SSU Course Descriptions.pdf - COURSE DESCRIPTIONS American Multicultural Studies(AMCS AMCS 301 Africana Lecture Series(1 A weekly lecture series

SSU Course Descriptions.pdf - COURSE DESCRIPTIONS American...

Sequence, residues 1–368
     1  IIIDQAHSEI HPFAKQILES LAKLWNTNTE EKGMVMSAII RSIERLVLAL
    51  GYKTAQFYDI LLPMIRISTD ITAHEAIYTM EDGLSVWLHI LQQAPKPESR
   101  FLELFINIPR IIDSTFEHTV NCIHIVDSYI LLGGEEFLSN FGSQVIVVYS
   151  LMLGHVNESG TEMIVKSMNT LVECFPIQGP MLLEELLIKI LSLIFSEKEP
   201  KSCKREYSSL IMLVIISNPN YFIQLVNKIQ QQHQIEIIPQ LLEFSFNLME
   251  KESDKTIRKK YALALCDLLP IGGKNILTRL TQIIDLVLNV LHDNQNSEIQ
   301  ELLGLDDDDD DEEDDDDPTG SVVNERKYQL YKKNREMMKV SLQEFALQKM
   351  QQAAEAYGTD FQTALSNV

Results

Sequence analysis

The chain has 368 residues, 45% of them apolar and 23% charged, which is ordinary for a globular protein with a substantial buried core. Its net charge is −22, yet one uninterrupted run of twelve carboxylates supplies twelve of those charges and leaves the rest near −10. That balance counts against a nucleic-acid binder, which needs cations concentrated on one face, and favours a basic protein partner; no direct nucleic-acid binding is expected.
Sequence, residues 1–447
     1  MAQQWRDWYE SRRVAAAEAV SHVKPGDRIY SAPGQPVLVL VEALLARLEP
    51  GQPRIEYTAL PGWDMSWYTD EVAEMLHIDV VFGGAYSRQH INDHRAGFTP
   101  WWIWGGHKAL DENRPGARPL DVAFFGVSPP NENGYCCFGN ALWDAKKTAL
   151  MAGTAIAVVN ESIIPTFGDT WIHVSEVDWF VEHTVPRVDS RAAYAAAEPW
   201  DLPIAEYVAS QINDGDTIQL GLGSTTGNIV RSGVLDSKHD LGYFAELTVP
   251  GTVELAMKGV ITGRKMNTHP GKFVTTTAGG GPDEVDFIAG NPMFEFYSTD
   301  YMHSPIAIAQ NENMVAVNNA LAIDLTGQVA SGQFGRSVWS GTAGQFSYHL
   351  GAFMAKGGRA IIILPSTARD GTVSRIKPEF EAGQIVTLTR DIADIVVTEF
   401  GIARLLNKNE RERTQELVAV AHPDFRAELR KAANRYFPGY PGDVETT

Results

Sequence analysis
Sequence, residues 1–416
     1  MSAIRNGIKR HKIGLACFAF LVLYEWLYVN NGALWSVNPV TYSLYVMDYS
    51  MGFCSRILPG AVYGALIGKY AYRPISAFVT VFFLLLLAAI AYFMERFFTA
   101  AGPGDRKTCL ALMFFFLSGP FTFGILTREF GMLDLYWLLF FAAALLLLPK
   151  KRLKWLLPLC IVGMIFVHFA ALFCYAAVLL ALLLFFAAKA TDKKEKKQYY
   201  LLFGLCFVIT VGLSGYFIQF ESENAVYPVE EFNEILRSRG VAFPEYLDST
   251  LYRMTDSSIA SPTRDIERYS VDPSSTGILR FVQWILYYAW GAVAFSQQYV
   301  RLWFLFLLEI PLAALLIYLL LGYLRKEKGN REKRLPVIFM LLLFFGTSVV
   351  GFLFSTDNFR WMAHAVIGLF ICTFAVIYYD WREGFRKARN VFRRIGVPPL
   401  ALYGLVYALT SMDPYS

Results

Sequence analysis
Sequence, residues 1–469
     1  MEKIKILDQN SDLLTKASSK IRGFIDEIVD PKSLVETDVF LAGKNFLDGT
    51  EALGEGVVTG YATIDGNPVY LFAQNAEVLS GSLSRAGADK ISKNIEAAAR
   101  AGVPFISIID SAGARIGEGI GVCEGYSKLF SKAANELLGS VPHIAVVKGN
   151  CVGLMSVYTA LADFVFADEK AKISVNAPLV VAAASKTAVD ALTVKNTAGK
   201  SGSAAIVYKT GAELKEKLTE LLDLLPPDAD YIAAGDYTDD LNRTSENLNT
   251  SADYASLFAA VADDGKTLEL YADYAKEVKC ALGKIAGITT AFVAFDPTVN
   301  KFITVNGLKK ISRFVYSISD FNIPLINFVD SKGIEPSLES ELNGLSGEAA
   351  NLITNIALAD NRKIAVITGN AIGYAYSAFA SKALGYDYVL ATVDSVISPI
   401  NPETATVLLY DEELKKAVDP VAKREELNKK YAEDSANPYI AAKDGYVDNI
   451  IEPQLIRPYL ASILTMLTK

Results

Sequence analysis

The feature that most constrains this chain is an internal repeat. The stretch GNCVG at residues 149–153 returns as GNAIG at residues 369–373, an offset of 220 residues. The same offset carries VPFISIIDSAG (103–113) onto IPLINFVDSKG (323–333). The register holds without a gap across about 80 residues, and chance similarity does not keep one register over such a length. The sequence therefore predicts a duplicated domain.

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Unformatted text preview: COURSE DESCRIPTIONS American Multicultural Studies (AMCS) AMCS 301 Africana Lecture Series (1) A weekly lecture series offering presentations and discussions that focus on historical and contemporary topics relating to people of African descent. This includes, but is not limited to, African Americans, Continental Africans, Afro-Caribbeans, and Afro-Latinos. This lecture series is in honor of Dr. Levell Holmes and his contributions to the Sonoma State University community. Lectures are open to the community. May be repeated for credit. AMCS 165A Humanities Learning Community (4) AMCS 165 A/B is a year long course, which features weekly lectures and small seminars. It constitutes a Humanities Learning Community (HLC) for any first-year student. The learning objectives of the HLC will satisfy A3 (Critical Thinking) and C3 (Comparative Perspectives and/or Foreign Languages) GE Areas, and fulfills GE Ethnic Studies. AMCS 339 Ethnic Groups and American Social Policy (3) The impact of American social policies on ethnic minorities. Topics include public policy issues related to employment, immigration, education, mental health, and minority children and families. The impact of major court decisions affecting public policy and ethnic minorities will also be examined. Course might be taught from single ethnic group’s perspectives. Satisfies upper-division Ethnic Studies in GE Area D1. AMCS 165B Humanities Learning Community (4) AMCS 165 A/B is a year long course, which features weekly lectures and small seminars. It constitutes a Humanities Learning Community (HLC) for any first-year student. The learning objectives of the HLC will satisfy A3 (Critical Thinking) and C3 (Comparative Perspectives and/or Foreign Languages) GE Areas, and fulfills GE Ethnic Studies. AMCS 200 Written and Oral Analysis (3) Students practice the techniques of critical reading and thinking, of expository writing, and of oral expression through an in-depth examination of race, ethnicity, and multiculturalism and its impact on American cultural, political, and social institutions. They examine the principles of thinking, speaking, and writing with a view to the multiple purposes for which these activities are crucial. Satisfies GE Area A1. Prerequisites: Completion of GE Categories A2 and A3. Students who received a passing grade in AMCS 225 may not enroll in AMCS 200 without instructor consent. AMCS 350 Ethics, Values, and Multiculturalism (4) This course examines theories and discourses of race, ethnicity, and multiculturalism and their impact on American thought and practice. Students will explore questions of ethics and values that shape the U.S. as a multicultural society and learn about conceptual tools they can apply in thinking critically about these issues in the various contexts they live in. Satisfies GE Area C2, and the Ethnic Studies requirement. AMCS 355 Language and Ethnicity (4) An interdisciplinary approach to understanding the interrelationships between language, ethnicity, and the symbolic conflicts over language issues in the U.S.. Explores the politics of language -- e.g. the English-Only debates, bilingual education issues, and minority language rights and cultural issues -- and their impact on different ethnic groups. Examines the responses of affected groups through their literary and creative expressions. Satisfies the Ethnic Studies requirement and GE Area C3. AMCS 210 Ethnic Groups in America (4) Survey and analysis of the diverse experiences of major ethnic groups in their present socioeconomic and political position in American society as depicted in literary, historical, anthropological, and sociological studies. Satisfies Ethnic Studies in GE Area D1. This course satisfies one of the core requirements of the AMCS major. AMCS 225 How Racism Works: America in Black and White (4) Students analyze the ideological aspects and material conditions of American life through an in-depth examination of the impact of race and ethnicity on U.S. history and its cultural, political, and social institutions. The course will concentrate particularly on investigating how racism works in the 21st century through the study of literature and values. Fulfills GE Area C2 and the Ethnic Studies requirement. Students who received a passing grade in AMCS 200 may not enroll in AMCS 225 without instructor consent. AMCS 360 Ethnic Literature (4) A survey of representative novels, short stories, essays, biographies, and poetry of various ethnic authors in the United States. This course may also provide an in-depth study of one or more specific ethnicities (e.g. Asian American, African American, the poetic tradition in ethnic literature, women in ethnic literature, etc.) and may include multimedia instruction such as film, music, and visual art. Satisfies GE Area C2. Satisfies the upper-division Ethnic Studies requirement. AMCS 370 Gender in Asian America (4) This course originates in WGS 370. This interdisciplinary course examines gender, race, class, and sexuality in Asian America. We consider how Asian American women and men fit into debates about sexism and racism in the United States - historically and contemporarily. Topics include Asian American participation in women’s/civil right movements as well as popular culture representations. Crosslisted as WGS 370. AMCS 260 Ethnicity in the Arts, Culture, and Media (4) Students will explore the impact that the arts, media, and humanities have had on perceptions of race, ethnicity, and identity in the United States. The course will integrate a wide variety of forms -- including film, theater, and music -- to encourage student appreciation of artistic endeavors. Fulfills GE Area C1 and the Ethnic Studies requirement. AMCS 273 American Diversity: Past, Present, Future (4) This course explores the relationships between race, ethnicity, and identity through close readings of social, historical, and cultural texts. At the heart of the course is an exploration of how race and ethnicity have impacted collective understandings of this nation’s morals and values. Satisfies GE Area C2. Only one course numbered 273 in the Arts & Humanities will be considered for credit. Prerequisite: ENGL 101. Sonoma State University 2015-2016 Catalog AMCS 374 The Multiracial Experience (4) A general survey of the historical and contemporary experience of people claiming more than one racial or ethnic background. Emphasis will be given to inter-racial relations, the impact of political and social factors, and the cultural expressions of the multiracial experience. AMCS 377 Asian American Experience (4) A course designed to explore areas of contemporary, historical, or artistic concern as these affect the Asian American experience. Advanced studies and/or research projects will be discussed and analyzed. Courses: American Multicultural Studies (AMCS) Page 249 AMCS 381 Research Assistantship (2-4) Student assistance to help faculty with research on the experiences of people of color in America. Topic matter and research agenda will be discussed with faculty. By individual arrangement with faculty sponsor. AMCS 385 Facilitation Training (2-4) Facilitation pedagogy training in active learning situations within established courses. Prerequisite: junior- or senior-level standing with satisfactory completion of either AMCS 210 or 255. By individual arrangement with instructor. AMCS 390 Independent Film Study (1-2) In this course students will attend Sonoma Film Institute screenings or other filmrelated lectures or events, and will submit a written film analysis following each film screening. Students must consult with their advisor to enroll in this course. Pre or corequisite: LIBS 320C “Intro to Film Studies/Film Theory and Narrative.” This course is repeatable for a maximum of 4 units of course credit. Cross-listed with LIBS 390. AMCS 481 Special Topics (1-4) Please refer to the current Schedule of Classes. AMCS 495 Special Studies (1-4) Independent study. Prerequisites: AMCS 210 or 255, a core upper-division course, approval of the supervising faculty member, and approval of the department chair. May be repeated for credit. AMCS 499 Service Learning Internship (1-4) Course provides students with practical experience in various ethnic community organizations and in health/social service/educational settings. Includes recreation programs, tutoring programs, day care centers, cultural arts organizations, civic promotion organizations, etc. AMCS 392 Ethnic Images in Film and Media (4) An examination of representative and significant works in film and other visual media tracing the evolution of racial and ethnic images from their earliest to latest manifestations. Examines how systems of representation shape the racial and ethnic discourses in U.S. society. Satisfies GE Area C1 and the Ethnic Studies requirement. AMCS 395 Community Involvement Program (1-4) Course provides students with practical experience in various community organizations and health and social service agencies and educational settings. Includes schools, recreation programs, tutoring programs, day care centers, cultural arts organizations, civic promotion organizations, etc. AMCS 399 Student-Initiated Course (1-4) Student-initiated and instructed course on topics that enrich or extend current departmental offerings. Students may take up to 4 units of AMCS 399 courses for major credit. AMCS 420 Gender and Ethnicity (4) A historical overview of racism and sexism as they affect women of color, focusing on issues in which racism and sexism intersect, e.g. affirmative action, abortion, sterilization, violence against women, and other issues. AMCS 445 Multi-Culturalism and Education (4) An analysis of the philosophical and definition issues related to pluralistic education; developing resources germane to this philosophy and the guidelines constituting the foundation for multiethnic educational programs and ethnic studies. AMCS 475 Globalization and Race in the United States (4) The United States, as one of the destination countries of diasporic peoples in this era of globalization, has often responded to the crises of globalization through racialization. This course emphasizes the importance of understanding this crisis and explores the possibilities of creating anti-racist strategies and new social movements. AMCS 476 Selected Topics in African American Studies (4) Subjects will vary by semester, but this course will concentrate on topics and periods in African American History. Students will be required to do a research project in this course. Students will also be asked to review primary documents in African American history. Topics subject to change. AMCS 480 Research and Methodology (4) Survey of research and methodological tools used in the study of American ethnic groups. Special attention is given to the problems of objectivity and bias and the political and moral implications of quantitative and field research. Students engage in semester-long research projects. Students can substitute CALS 458 Research and Methodology for this course. Page 250 Courses: American Multicultural Studies (AMCS) Sonoma State University 2015-2016 Catalog Anthropology (ANTH) ANTH 305 Topics in Biological Anthropology (4) In-depth examination of a specific topic within biological anthropology. Topics vary with each offering. May be repeated for credit if topic differs. Prerequisites: completion of GE Area B2 and upper-division or graduate standing, or consent of instructor. ANTH 200 Introduction to Linguistic Anthropology (3) This introduction to the anthropological study of language surveys core topics in linguistics (e.g., phonetics, morphology, syntax, semantics, and pragmatics) and the relationship of language to social, cultural, and psychological factors. Nonverbal communication, evolution of language abilities, and historical linguistics are included, with linkages to the other subfields of anthropology. Satisfies GE Area D5. ANTH 313 Primate Behavioral Ecology (4) This course will familiarize students with our closest living relatives, the primates. Topics include taxonomy, diets & dietary adaptations, ranging behavior, cooperation & competition, community ecology, and conservation. Prerequisites: completion of GE Area B2 and upper-division or graduate standing, or consent of instructor. This course is strongly recommended in preparation for ANTH 414. ANTH 201 Introduction to Biological Anthropology (3) This course is an introduction to the evolutionary biology of human and nonhuman primates. The course focuses on evolutionary perspectives on form and function, behavior, population, and social structure to reconstruct human evolution and explain human adaptations. Satisfies GE Area B2 (Biological Sciences). ANTH 315 Forensic Anthropology Theory and Practice (4) This course explores the theories underlying forensic anthropology and how they are put into practice. Topics include a history of the discipline; professional responsibilities in the autopsy suite and courtroom; taphonomy and the estimation of time since death; techniques and contexts for positive identification; and depictions of forensic anthropologists in popular culture. Examination of case studies at local, national, and international scales. Prerequisite: completion of GE Area B2 and upper-division standing, or consent of instructor. ANTH 202 Introduction to Archaeology (3) An introduction to archaeology as a method of inquiry, the course seeks to answer the question “How do archaeologists know what they know?” Topics include history of archaeology, field and laboratory methods, relationship between method and theory, and “scientific” and humanistic approaches to the interpretation of data. ANTH 318 Human Development: Sex and the Life Cycle (3) An examination of developmental and evolutionary aspects of human reproductive biology and behavior from fetal through adult stages. Sexual selection and life history perspectives on fetal sex differentiation, gender identity, sex role development, puberty and secondary sexual characteristics, and mate choice. Satisfies GE Area E (The Integrated Person). Prerequisite: completion of GE Area B2 and open to juniors, seniors, and graduate students only. ANTH 203 Introduction to Cultural Anthropology (3) Examination of the anthropological approach to the study of human behavior. Exploration of human dependence on learned, socially transmitted behavior through consideration of ways of life in a broad range of societies. Satisfies GE, Area D1 (Individual and Society). ANTH 300 Nature, Culture, and Theory: The Growth of Anthropology (4) The nature of science, disciplinary inquiry, and the changing intellectual, institutional, and material context of the development of anthropology and its four major subfields in the contemporary world. Identification of significant issues, schools of thought, and historic persons. Training in the analysis of primary sources, scholarly procedure, library research, bibliography, and professional format and style. Prerequisites: at least one of the following: ANTH 200, 201, 202, or 203. Restricted to Anthropology juniors, seniors, and graduate students only. ANTH 322 Historical Archaeology (4) Introduction to the history, methods, and issues of the field of historical archaeology. Extensive readings provide examples of archaeology from post-1300s contexts in North America, Africa, Australia, and Latin America. Topics covered range from archaeological approaches to ethnic, gender and class diversity to the study of large-scale processes of colonialism, industrialism and global expansion. Broader issues discussed include the relationships between history and anthropology, the cross-cultural impact of European expansion, and the development of contemporary industrial societies. Prerequisite: upper-division standing or consent of instructor. ANTH 301 Human Fossils and Evolution (4) This course reviews the fossil evidence for human evolution in Africa, Asia, and Europe during the Pliocene-Pleistocene epochs. The fossil evidence is treated in temporal, geological, and geographic contexts. The primary focus is on the evolutionary implications of the fossil evidence for understanding the evolution of human morphology and behavior. Implications for the emergence of modern human races are also considered. Prerequisites: completion of GE Area B2 and upper-division or graduate standing, or consent of instructor. ANTH 324 Archaeology and the Bible (4) An exploration of the archaeology and history the ancient Near East, from the earliest human settlements through the Persian empire (ca. 10,500-332 BCE). Societies described in the Hebrew Bible are emphasized, with topics ranging from the rise of the state and international trade, to the identities and everyday lives of men, women, and children. The history and socio-political impacts of “Biblical Archaeology” are also examined. Prerequisites: upper-division standing or consent of instructor. ANTH 302 Biological Basis of Sex Differences (4) An examination of the current theoretical frameworks for explaining the evolution of sex differences in humans. Issues addressed will include: evolution of behavior and the sex differences in morphology and behavior, ecological basis of sex differences in hominin evolution. Prerequisites: completion of GE Area B2 and upper-division or graduate standing, or consent of instructor. ANTH 325 World Prehistory (4) A global survey of the human past from the earliest evidence of tool use to the emergence of stratified urban societies. Emphasis is on the complex diversity of past lifeways, including the reconstruction of human social and material life, the development of different social systems, and connections between societies and their physical environment. Limited discussion of relevant archaeological methods of reconstruction and analysis. Prerequisite: upper-division standing or consent of instructor. ANTH 303 Human Behavioral Ecology (4) This course is an introduction to human behavioral ecology, the application of evolutionary and biological models to the study of human behavioral variation. Topics of discussion will include optimal foraging theory, kin selection, resource transfer, mate choice, and parental investment. Prerequisites: completion of GE Area B2 and upper-division or graduate standing, or consent of instructor. ANTH 326 Topics in Archaeology (4) Topics vary with each offering; may be repeated for credit with permission of chair. Possible topics might include: environmental adaptation in foraging groups, Holocene transition studies, early food production, emergent cultural complexity, technological innovation and change, regional studies, materials analysis, and geoarchaeology. Prerequisite: upper-division standing or consent of instructor. Sonoma State University 2015-2016 Catalog Courses: Anthropology (ANTH) Page 251 ANTH 327 Archaeology of North America (4) This course is a broad survey of the regions, periods, and issues relevant to the study of the North American archaeological record. Topics range from the human settlement of the hemisphere, and the many diverse cultural histories of the continent, through the development of key cultural components such as trade and exchange networks, food production systems, and urban societies, to the increasing impact of cultural resource legislation and the views and interests of modern indigenous populations on contemporary archaeological practice. Prerequisite: upper-division standing or consent of instructor. ANTH 329 Bioarchaeology (4) Bioarchaeologists use human remains obtained from archaeological settings to reconstruct past lifeways. Key concepts include recovery and analysis of human remains, human skeletal anatomy, disciplinary ethics, bodily expressions of disease and behavior, social complexity and population affinity, and embodied identity. Use of case studies reveals how bioarchaeological methods and theories are i...